Your body language and your physical appearance will jump-start your
instant likability, your persuasiveness, and most importantly how you
are perceived by every person who meets you. You have less than 10
seconds and realistically closer to four seconds to make a good first
impression on those with whom you come into contact. A world of re-
search clearly indicates that you will be judged professionally and per-
sonally in the first few seconds of your meeting someone for the first
time. In fact, your first impression is recorded and is used as a yard-
stick for all future communication by those you meet. Whatever that
first impression is going to be on your part, you want it to be intentional
and on purpose.
The First Impression
The second one person sees another, a lot happens in the unconscious
mind.The conscious results are often seemingly instantaneous. Do any of
these thoughts sound familiar to you?
“It’s a gut instinct. I don’t like her. I can’t put my finger on it.”
“There’s just something about him that bugs me. I don’t know what it
is, but I can always tell.”
“My intuition tells me that he’s just not right.”
People think and feel these thoughts when they observe mixed signals
from people they meet.There is an internal conflict between the nonver-
bal (we’ll call it “body language” from here on in) and the verbal signals a
person receives.The sad part is that people really believe they have good
instincts and that they should trust their intuition.Why sad? Because when
there are mixed messages in communication the person tends to say “no”
because “it” doesn’t feel “right.”
You see someone new: In the first four seconds of that encounter (or
observation!) an incredible amount of processing happens in your brain at
the unconscious level.You’ll never know what went on.
Would you like to have a clue as to what is going on in the three-
pound machine behind your eyes?
When you first meet someone, millions of neurons in the brain are
activated.Your brain immediately wakes up. The brain instantly tries to
categorize the person into a certain type.Who is she like? Is that good? Is
she attractive? What’s unique about her? What is familiar about her? All of
this is done without thought and awareness. It’s the way the brain works.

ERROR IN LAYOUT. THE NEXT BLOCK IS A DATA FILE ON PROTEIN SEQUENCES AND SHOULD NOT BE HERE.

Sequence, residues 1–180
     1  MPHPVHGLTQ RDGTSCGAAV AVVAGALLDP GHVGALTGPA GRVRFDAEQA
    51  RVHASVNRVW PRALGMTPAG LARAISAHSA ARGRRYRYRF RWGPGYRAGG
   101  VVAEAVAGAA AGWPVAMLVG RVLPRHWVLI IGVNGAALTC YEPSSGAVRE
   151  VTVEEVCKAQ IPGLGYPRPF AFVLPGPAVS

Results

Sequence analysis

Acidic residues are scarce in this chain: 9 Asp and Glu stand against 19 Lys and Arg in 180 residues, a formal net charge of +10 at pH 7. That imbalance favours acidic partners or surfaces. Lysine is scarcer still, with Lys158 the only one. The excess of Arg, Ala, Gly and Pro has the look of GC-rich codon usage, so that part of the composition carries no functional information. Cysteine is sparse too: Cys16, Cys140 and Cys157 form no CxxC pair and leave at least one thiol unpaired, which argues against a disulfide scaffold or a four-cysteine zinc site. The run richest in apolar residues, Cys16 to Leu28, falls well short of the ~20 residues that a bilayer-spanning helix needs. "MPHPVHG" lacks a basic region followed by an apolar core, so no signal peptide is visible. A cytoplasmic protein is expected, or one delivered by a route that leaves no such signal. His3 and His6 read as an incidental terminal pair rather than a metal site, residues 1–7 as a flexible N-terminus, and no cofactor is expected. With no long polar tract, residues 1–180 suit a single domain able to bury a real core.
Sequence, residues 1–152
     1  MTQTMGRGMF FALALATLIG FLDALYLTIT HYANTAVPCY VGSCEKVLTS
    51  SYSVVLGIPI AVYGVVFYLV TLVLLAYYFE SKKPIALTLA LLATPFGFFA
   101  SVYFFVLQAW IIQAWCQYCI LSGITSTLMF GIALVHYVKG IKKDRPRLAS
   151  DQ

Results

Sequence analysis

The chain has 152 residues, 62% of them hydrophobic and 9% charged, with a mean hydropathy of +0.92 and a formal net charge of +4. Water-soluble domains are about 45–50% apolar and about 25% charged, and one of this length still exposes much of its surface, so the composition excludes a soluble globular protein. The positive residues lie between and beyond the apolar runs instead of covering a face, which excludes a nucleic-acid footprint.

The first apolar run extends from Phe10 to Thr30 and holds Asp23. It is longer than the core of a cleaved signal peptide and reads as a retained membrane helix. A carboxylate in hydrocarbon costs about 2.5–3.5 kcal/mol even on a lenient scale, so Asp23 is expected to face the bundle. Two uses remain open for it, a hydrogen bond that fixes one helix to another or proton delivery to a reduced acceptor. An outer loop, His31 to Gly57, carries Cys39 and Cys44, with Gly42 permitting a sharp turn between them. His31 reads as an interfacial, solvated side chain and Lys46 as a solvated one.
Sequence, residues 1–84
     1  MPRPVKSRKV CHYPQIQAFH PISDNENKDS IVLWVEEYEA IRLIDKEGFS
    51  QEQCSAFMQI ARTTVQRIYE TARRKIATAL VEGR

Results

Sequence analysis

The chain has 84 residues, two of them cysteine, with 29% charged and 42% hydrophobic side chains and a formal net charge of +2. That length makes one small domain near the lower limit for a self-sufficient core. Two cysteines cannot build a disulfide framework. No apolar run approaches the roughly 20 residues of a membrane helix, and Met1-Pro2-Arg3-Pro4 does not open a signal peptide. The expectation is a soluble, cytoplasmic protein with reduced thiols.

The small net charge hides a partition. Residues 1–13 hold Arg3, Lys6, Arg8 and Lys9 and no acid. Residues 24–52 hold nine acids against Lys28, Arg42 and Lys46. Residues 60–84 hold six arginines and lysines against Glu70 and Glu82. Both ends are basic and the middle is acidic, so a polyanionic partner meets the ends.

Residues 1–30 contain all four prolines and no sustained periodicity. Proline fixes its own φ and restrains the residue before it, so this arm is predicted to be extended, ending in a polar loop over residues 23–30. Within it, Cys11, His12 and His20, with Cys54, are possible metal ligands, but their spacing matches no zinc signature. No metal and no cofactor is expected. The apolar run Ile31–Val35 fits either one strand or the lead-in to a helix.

If you had to consciously analyze everything about everyone new you
met, you would be so busy at the conscious level that you’d have ab-
solutely no time to think about anything but how they look. Instead, the
unconscious mind immediately goes to work, makes all kinds of judg-
ments and evaluations, and essentially pegs the person as a winner or loser
in approximately four seconds.
Sometimes all of this happens in less than four seconds and sometimes
it takes a little more time, but in those first moments after one person
meets another there is an intensely powerful “yes” or “no” response.This
response is about the person. It has nothing to do with their religion, their
political party, or their product or service. It’s just “yes” or “no.”
When you first see someone, you instantly categorize and/or filter the
person you are observing into one of many different categories. One way
the brain categorizes is whether the brain believes that the person is of
high status or low status within the group.That’s important because hu-
mans (and animals in general) are wired to be attracted to the more pow-
erful and higher-status individuals in any given group. Another instant
filter is whether your brain finds the person attractive, unattractive, or
somewhere in between.
The brain also notes whether the individual being observed pays at-
tention to their physical appearance.
The brain does a great deal more than just a little processing in those